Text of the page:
Responding to opening of schools throughout most of the United States , the September 6 New York Times wrote of its view of the contemporary American educational scene.  Readers of my columns will hear some familiar notes in the conclusion of the Times piece. “The United States needs to develop a coherent policy that makes schools better everywhere. That means strengthening teaching and curriculum in poor communities, and it also means improving education for the best American students, who look like geniuses in math and science until they are stacked up against better-prepared foreign youngsters. Unless this country acts, our economy will wind up occupying the same low-performing spot on the global charts that our schools occupy now.”  

    The students we are training today will have to compete in a world where they will be producing ideas and information and selling these commodities in a highly competitive market.  We don’t make too many things anymore.  More and more we are about information and know-how.  Will we continue to know how, or, as the Times and others fear, will we who led the world into the technology and information age peter out and be overtaken by those who understand the modern economic challenge and who respond to it with first rate schools that equip their students to win?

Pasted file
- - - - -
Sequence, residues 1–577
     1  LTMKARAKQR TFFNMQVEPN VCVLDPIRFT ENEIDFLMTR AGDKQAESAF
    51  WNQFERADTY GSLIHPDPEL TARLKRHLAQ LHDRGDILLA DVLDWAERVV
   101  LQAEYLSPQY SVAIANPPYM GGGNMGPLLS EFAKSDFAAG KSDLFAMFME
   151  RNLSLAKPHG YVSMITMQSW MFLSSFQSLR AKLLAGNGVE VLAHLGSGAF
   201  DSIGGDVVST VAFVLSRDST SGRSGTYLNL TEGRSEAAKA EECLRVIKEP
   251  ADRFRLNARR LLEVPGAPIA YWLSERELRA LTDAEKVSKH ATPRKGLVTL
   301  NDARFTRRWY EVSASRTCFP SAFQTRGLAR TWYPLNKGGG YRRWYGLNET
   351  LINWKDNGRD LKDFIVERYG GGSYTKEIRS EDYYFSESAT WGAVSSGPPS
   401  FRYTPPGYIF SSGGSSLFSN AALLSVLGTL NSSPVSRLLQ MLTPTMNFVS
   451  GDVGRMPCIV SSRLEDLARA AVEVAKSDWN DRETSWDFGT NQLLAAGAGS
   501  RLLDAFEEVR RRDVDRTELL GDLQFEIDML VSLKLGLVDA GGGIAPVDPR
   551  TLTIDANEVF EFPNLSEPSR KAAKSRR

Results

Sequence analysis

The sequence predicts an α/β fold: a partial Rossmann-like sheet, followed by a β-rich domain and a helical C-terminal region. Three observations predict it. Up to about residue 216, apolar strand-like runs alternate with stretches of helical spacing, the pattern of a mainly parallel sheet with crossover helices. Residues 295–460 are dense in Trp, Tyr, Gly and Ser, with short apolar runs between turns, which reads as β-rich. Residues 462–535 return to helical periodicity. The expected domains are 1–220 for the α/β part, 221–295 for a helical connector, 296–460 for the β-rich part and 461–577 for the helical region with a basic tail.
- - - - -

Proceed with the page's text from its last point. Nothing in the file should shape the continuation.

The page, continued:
There is a tendency for teachers to think that the answers to such questions is beyond their powers, leaving it to educationist and political policymakers to grapple with them.  However, what might we accomplish in a community like Plainview-Old Bethpage if each teacher spoke what most know, that our standards, like those in most other districts have declined, that as educators we have been increasingly asked to be more concerned with what our students feel than what they think or know?  What might we accomplish if each of us bravely determined to resist the pressures toward mediocrity and raise the academic standards in our classroom – expect more of our students, stop rewarding inferior work, work with colleagues to cope with the anger such a stand will provoke.  

    On the opening day of school, I had a conversation with a young teacher that deeply disturbed me.  In the course of seeking my advice about how to deal with a particular student, he made it clear that it was his understanding that he was expected to pass this student regardless of what the child accomplished.  No one every said that to him directly.  He simply had absorbed the message almost osmotically from a school environment saturated with such cues.  He didn’t appear angry about this sorry state of affairs, seeming to simply take it as just the way things are.  

    We really have to stop doing that.  In my next column, I will make some specific proposals about the part I think teacher unions have to play in the struggle to save our schools.

return to pct homepage